5 Steps to Avoid Social Media Burnout

The invitations pour into your email inbox as well-meaning and well-intended friends and acquaintances invite you to join this or that social site or social group. For many of my colleagues and friends, they have thrown their hands up trying to accommodate all of these invites and have instead completely given up on the notion of social media. Here is my 5 step plan for selecting the best venues for a busy health care professional.

  1. Keep your personal and professional lives separate. In this way, you can concentrate on one over the other. If you tend to more family connections, Facebook is idea and you can use privacy controls to limit who can see what you post. Photos and videos can be easily shared  For business I like Linkedin. It’s a great site and is a business version of Facebook and attracts people not only within your own profession but others elsewhere. The privacy controls are a bit easier to use than Facebook. Both are free.
  2. Pick a time or times of the day that you can set aside for social media. Even two, 15 minutes sessions can help a lot with this time limit, you’ll be efficient with your posts. Check the Facebook and Linkedin on either session and email on the other. Mix and match if you want to check more often your social media.
  3. Write concisely and quickly without misleading your reader. I believe that 3 or 4 sentences alone should focus your message to your intended recipient. If you’re writing a screen full, then you should look at trimming.
  4. Don’t turn on your auto or onscreen notifications. These alerts are the leading inducements to check your social media and more often  than not, you really didn’t need to check it.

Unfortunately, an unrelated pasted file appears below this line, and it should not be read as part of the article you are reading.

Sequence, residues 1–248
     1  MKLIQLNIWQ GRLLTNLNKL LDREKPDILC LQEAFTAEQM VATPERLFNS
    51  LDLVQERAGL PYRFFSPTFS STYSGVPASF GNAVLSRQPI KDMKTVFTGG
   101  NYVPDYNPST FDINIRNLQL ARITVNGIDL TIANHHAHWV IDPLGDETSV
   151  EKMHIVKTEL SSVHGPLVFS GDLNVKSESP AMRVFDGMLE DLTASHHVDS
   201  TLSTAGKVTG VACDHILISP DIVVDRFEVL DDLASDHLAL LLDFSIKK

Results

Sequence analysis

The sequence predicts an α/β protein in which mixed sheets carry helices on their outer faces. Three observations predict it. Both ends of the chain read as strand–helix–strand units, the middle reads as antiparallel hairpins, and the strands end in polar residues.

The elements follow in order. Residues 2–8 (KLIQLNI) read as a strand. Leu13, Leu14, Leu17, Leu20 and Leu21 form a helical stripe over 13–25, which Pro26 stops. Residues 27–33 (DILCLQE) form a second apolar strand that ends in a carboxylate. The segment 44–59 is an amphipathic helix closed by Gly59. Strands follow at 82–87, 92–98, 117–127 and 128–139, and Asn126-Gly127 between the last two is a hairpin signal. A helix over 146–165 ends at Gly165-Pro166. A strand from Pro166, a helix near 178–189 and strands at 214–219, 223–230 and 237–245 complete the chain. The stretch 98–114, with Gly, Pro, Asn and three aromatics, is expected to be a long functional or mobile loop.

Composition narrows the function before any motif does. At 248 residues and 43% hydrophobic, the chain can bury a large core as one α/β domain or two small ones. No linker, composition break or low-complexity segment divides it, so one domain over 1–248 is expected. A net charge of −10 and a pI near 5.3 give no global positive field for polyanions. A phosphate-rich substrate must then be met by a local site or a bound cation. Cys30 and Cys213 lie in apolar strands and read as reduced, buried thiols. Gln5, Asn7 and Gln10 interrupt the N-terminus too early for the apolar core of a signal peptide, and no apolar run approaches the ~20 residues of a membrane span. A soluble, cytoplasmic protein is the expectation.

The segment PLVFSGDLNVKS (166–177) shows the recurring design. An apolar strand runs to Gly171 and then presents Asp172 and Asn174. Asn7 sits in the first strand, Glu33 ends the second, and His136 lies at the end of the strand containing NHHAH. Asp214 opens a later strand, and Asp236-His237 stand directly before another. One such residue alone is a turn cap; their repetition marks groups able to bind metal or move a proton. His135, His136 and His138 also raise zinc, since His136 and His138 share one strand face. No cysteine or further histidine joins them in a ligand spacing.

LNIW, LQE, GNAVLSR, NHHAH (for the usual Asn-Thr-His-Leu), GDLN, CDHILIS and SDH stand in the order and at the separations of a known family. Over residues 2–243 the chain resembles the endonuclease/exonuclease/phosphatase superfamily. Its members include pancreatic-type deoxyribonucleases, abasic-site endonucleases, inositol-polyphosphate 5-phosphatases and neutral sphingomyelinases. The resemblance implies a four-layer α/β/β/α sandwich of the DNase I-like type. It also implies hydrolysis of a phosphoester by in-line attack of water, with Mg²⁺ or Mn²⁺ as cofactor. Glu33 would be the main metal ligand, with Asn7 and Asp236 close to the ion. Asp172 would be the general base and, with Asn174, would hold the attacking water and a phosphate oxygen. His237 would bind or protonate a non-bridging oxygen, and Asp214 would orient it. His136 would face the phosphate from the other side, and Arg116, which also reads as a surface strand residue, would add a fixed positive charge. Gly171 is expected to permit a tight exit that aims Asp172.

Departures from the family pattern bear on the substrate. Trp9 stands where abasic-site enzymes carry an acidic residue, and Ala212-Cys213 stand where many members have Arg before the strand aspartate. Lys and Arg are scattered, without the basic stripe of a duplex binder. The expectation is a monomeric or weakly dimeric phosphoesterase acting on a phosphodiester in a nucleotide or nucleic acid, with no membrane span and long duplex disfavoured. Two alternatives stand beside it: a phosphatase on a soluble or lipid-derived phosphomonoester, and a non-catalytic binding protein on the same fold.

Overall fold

5. Lastly, don’t concentrate on one over the other. By balancing between personal and family, you won’t feel that you’re falling behind one or the other.
Social media is enjoyable and doesn’t require hours of dedication or attention. Match your needs to what is available and stick to the plan and you’ll see that social media doesn’t have to take over your life. To easily return to this blog post, use this URL http://wp.me/p18zjA-3D.

About Richard Hom OD, MPA

Dr. Hom holds Doctor of Optometry and Masters in Public Administration degrees and practices family eye care and consults on public policy, health information technology and program evaluation.
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2 Responses to 5 Steps to Avoid Social Media Burnout

  1. Good points you make about social media – I wonder if we will see the rise of anxiety disorders around social media – it is addictive after all. Nice post thanks for your thoughts

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